House Committee Votes to Admit More STEM Workers than the Supply of Them

By David North on July 1, 2013

The House of Representatives Judiciary Committee voted last week to admit more high-tech foreign workers in some categories than the annual supply of them.

In its eagerness to meet the wishes of the high tech industry — and steal jobs from qualified American workers — the Republican majority on the committee, with the single, commendable exception of Rep. Steve King (R-Iowa), voted to allow as many as 55,000 green cards to be issued annually to aliens with advanced science, technology, engineering, and math (STEM) degrees from American universities.

It also voted to increase the existing H-1B quota for such workers (again those with STEM master's degrees or doctorates from U.S. institutions) from the current 20,000 to 40,000.

That's a total of 95,000 visas for each and every year, from here to eternity.

One problem is that 95,000 is more than double the total number of aliens who get such degrees each year, according to the most recent statistics from the National Science Foundation.

According to the NSF's (highly regarded) annual report, Science and Engineering Indicators 2012, released a couple of month ago, in the class of 2009, there were some 36,000 STEM master's degrees issued to foreign-born persons on temporary visas, and about 13,400 doctorates granted to the same category of graduate students. These are foreign students getting degrees from U.S. universities.

That would be a total of 49,400 people to fill 95,000 slots.

Bear in mind that about 20 percent of these STEM degrees are in the social sciences, such as anthropology and sociology, and the holders of those degrees are not likely to be hired by the hard-breathing IT and computer industries. So maybe, in 2009, there were at most 40,000 new degree-holders with the skills wanted by those industries.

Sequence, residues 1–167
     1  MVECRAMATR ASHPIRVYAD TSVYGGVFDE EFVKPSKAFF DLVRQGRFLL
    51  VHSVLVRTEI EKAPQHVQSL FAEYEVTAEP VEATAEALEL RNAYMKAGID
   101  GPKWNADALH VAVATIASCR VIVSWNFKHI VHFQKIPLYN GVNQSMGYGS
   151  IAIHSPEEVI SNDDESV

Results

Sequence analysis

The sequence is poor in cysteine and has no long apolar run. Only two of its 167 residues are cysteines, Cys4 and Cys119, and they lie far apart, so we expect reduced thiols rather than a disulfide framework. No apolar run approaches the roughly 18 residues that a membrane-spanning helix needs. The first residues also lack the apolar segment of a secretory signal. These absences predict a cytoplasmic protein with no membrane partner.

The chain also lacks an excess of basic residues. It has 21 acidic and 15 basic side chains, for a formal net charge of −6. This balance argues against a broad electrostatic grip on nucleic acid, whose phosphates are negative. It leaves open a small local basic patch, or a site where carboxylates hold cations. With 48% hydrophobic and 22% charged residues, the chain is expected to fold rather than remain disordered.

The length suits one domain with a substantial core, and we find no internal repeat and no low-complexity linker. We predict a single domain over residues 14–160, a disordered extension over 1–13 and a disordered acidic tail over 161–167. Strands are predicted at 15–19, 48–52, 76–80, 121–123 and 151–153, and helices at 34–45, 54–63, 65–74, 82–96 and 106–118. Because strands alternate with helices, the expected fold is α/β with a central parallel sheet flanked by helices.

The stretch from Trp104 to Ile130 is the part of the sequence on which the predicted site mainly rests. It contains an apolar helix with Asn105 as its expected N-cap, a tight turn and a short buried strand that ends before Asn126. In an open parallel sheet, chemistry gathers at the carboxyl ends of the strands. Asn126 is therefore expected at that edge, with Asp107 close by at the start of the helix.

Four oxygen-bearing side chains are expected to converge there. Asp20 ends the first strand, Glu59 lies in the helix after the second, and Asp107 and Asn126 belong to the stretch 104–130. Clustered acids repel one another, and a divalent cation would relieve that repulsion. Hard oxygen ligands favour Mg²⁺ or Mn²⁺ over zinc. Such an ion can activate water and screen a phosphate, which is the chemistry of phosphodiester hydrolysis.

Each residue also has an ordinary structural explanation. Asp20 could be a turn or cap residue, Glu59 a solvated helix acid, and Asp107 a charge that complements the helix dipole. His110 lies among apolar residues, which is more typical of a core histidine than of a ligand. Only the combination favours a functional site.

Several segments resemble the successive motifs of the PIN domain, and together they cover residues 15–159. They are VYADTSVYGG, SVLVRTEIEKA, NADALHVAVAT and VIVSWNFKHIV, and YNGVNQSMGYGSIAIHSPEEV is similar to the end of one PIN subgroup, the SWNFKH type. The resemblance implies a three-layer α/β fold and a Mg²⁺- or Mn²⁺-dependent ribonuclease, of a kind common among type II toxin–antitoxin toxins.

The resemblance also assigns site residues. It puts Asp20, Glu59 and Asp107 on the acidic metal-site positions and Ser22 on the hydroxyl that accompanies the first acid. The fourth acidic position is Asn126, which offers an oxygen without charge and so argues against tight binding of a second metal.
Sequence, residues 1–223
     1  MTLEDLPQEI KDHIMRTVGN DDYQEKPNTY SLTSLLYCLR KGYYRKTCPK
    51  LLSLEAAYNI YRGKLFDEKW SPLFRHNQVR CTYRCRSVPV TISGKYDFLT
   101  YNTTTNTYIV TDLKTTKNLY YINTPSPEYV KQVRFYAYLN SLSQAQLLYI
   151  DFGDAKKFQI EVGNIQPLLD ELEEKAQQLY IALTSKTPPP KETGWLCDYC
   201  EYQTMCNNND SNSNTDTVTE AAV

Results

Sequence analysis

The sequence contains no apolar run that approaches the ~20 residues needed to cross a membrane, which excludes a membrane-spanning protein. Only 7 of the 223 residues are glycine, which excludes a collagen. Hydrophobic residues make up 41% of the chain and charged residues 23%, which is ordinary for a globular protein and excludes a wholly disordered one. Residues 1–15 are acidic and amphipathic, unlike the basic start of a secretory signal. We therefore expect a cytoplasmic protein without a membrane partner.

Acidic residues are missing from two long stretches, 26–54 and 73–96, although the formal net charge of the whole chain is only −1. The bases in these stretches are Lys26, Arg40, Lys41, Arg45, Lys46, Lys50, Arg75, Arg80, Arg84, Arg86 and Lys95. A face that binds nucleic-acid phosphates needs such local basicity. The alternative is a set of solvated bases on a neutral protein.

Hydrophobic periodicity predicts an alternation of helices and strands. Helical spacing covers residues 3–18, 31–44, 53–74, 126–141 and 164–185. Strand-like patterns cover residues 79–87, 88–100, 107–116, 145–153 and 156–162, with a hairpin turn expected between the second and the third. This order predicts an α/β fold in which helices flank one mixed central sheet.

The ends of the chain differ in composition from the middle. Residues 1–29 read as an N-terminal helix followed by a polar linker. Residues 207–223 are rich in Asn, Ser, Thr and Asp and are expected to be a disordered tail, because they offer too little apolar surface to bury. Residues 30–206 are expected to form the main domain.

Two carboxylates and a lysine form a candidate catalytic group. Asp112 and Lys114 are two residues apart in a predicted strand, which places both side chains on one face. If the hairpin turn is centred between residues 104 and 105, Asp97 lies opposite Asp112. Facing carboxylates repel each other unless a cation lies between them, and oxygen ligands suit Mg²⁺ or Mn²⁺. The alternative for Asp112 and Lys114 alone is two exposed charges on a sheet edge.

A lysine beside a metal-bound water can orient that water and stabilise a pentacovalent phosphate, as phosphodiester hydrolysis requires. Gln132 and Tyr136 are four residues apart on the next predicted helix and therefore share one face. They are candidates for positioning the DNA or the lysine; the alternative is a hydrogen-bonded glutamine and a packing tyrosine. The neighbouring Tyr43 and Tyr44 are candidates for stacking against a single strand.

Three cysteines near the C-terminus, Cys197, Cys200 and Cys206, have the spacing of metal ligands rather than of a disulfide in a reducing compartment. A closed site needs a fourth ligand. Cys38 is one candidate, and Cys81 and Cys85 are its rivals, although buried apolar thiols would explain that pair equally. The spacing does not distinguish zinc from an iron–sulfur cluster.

Now the number of temporary visa holders with those advanced STEM degrees has presumably increased by, say, 10-15 percent from 2009 to 2013, but that would still produce only 46,000 to 49,000 potential newly qualified workers for 95,000 slots.

Aliens who secured their U.S. degrees in the past who are not already working on U.S. visas could also qualify for the widely expanded opportunities. The impact of such large numbers of alien workers would, of course, deny jobs to skilled Americans, and guarantee low wages for all concerned, Americans and aliens — which is exactly what industry wants.

To their credit the Democrats on the House committee voted as a block against the bill, as their party colleagues in the Senate voted in a block for S.744, the omnibus immigration bill that also expanded the admission of foreign high-tech workers. The House members, however, were voting for a narrow bill, not one that also included a massive amnesty for illegal aliens, as the Senate bill does.

For more on this issue see Rep. Darrell Issa's (R-Calif.) press release on (his) bill and the coverage of the vote by Computerworld.

The SKILLS Visa Act (I will not trouble the reader with the derivation of the acronym SKILLS) also would increase the 65,000 current limit for new H-1B visas to 155,000, more than double, and make it possible for the spouses of the H-1Bs (called H-4s) to work anywhere they wanted in the U.S. economy. There are presumably hundreds of thousands of H-4s currently in the country.

The bill also, to make way for the 55,000 green cards for U.S.-educated alien high-tech workers, abolishes the existing diversity visa program that currently grants 55,000 green cards on a lottery basis. In addition, over a period of 10 years, it closes down the program by which U.S. citizens (usually foreign-born) can apply for the permanent admission of their brothers and sisters, their brothers-in-law and their sisters-in law, and their nieces and nephews.

The bill has been sent to the House Floor.